Thursday morning, hopeful applicants for a historic grizzly bear hunting license found out whether they were successful or not.
Up to 22 grizzly bears can be hunted this fall in the first grizzly bear hunt in Wyoming since the bear was listed as threatened 44 years ago.
Tom Mangelsen, a Wyoming-based nature photographer, snagged a license. He chronicled the life of the now famous bear “Grizzly 399” and co-authored a book about the bear.
Mangelsen will use his tag to photograph a grizzly, not kill one.
“The time has come [in] 2018 to really think about the value of wildlife for what it is for everybody,” Mangelsen says. “The public has the right to see bears and the hunters do not have the right to take that away from the public.”
Mangelsen’s win was publicized by the Jackson-based group Shoot’em With A Camera, which encouraged opponents of the grizzly bear hunt to apply for a license. According to Wyoming Game and Fish grizzly bear hunting regulations, 22 of more than 700 bears estimated in Wyoming will be up for grabs between Sept. 15 and Nov. 15. Ten of these bears can only be killed in what is known as the Demographic Monitoring Area (DMA), an area around Grand Teton and Yellowstone National Park. If one female is killed in the DMA, the hunt in that area will automatically be over. Only one hunter can be in the DMA at a time with a 10-day limit.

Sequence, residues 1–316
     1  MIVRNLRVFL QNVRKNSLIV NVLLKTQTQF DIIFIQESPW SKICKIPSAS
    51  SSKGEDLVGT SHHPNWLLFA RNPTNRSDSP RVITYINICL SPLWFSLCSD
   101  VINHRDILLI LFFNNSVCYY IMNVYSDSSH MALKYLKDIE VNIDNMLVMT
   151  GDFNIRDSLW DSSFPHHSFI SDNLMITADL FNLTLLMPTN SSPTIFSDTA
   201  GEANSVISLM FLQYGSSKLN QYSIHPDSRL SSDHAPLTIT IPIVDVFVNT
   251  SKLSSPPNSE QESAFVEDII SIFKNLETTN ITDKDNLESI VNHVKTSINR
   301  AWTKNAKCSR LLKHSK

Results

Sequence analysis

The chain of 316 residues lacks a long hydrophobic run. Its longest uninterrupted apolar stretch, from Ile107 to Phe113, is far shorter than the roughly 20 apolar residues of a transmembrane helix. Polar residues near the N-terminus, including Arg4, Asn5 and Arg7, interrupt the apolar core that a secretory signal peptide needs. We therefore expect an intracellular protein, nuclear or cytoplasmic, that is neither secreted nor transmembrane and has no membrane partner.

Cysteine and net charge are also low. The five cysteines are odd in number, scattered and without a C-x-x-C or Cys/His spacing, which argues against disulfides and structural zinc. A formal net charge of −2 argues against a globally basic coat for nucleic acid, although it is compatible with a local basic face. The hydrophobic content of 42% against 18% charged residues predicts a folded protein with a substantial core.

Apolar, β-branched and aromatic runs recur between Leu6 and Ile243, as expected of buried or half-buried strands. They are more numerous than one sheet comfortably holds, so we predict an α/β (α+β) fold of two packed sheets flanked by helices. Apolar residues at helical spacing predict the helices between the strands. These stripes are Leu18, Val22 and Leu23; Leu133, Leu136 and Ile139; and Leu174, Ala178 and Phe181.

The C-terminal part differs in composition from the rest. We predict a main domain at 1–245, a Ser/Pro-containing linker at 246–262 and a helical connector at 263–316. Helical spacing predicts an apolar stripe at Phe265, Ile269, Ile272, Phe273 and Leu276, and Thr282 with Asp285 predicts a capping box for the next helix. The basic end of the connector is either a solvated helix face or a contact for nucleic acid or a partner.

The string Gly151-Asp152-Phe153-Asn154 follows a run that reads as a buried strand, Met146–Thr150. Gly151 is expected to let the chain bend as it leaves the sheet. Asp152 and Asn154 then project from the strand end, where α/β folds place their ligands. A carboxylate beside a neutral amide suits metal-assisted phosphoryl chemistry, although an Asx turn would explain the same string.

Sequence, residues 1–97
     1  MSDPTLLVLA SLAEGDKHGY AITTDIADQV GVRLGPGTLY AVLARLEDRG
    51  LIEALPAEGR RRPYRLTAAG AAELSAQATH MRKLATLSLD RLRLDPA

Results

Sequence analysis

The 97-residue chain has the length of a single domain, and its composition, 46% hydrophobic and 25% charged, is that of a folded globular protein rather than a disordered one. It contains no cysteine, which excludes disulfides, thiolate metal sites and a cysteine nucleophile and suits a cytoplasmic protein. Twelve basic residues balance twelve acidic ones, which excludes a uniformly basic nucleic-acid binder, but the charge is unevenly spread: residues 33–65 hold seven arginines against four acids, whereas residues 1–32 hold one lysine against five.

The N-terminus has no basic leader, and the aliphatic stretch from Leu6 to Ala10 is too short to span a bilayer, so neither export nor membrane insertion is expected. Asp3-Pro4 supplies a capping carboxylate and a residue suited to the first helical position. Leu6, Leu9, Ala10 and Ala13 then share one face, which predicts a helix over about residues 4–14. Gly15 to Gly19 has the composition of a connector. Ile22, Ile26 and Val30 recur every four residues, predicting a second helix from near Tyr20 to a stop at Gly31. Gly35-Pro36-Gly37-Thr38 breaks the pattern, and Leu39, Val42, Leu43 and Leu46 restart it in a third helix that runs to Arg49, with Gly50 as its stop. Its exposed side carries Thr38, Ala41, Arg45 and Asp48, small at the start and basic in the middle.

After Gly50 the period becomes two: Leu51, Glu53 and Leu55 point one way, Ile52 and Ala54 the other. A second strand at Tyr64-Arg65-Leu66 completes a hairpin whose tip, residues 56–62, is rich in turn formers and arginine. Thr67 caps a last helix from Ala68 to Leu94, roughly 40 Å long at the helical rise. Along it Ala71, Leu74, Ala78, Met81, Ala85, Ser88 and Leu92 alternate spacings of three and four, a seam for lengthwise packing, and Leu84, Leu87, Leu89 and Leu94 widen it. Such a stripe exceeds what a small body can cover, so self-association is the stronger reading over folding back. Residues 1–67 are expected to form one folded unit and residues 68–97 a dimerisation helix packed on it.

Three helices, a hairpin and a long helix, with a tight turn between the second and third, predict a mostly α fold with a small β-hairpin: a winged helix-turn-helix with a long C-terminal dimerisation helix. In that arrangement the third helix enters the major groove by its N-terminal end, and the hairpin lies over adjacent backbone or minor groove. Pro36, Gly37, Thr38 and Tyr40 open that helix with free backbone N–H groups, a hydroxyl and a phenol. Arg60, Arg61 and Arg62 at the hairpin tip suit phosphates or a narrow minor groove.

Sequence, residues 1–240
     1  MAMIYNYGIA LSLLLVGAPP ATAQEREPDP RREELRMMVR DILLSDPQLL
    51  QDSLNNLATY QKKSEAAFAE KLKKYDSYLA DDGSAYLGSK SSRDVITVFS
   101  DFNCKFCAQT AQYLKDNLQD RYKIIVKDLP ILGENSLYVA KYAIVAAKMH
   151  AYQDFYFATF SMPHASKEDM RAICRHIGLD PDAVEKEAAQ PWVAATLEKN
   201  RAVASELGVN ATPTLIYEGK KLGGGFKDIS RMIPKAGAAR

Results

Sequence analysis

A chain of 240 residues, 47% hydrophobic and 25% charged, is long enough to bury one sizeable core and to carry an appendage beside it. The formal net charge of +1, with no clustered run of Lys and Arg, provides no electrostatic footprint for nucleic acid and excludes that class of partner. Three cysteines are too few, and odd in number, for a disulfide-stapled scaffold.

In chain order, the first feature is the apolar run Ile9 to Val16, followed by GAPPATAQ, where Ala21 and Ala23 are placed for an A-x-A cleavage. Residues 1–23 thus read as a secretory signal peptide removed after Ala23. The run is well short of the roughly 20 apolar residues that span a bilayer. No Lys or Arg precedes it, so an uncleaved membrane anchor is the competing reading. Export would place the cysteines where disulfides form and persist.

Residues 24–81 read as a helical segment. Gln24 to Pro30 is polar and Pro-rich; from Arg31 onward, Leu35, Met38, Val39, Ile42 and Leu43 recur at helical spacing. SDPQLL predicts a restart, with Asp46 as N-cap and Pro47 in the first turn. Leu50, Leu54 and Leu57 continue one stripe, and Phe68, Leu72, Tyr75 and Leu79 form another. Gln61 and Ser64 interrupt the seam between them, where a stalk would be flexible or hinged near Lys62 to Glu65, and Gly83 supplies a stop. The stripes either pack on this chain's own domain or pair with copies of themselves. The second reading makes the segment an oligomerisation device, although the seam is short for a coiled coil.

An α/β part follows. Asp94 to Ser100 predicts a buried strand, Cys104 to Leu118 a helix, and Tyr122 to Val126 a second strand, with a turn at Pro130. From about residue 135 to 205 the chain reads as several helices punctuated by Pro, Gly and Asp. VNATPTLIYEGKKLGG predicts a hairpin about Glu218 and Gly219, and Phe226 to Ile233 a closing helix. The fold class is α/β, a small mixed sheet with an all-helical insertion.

The 10-day limit was created as a response to people in support of the grizzly hunt who feared it could easily be hijacked by activists who would buy a license but not use them. When the time limit was announced in May, Brian Nesvik, Wyoming Game and Fish’s chief game warden, said it was changed to be able to provide the hunting opportunity to as many people as possible.
Read full article: Wyoming Gives 22 Winners The Chance To Hunt Grizzlies — Or Not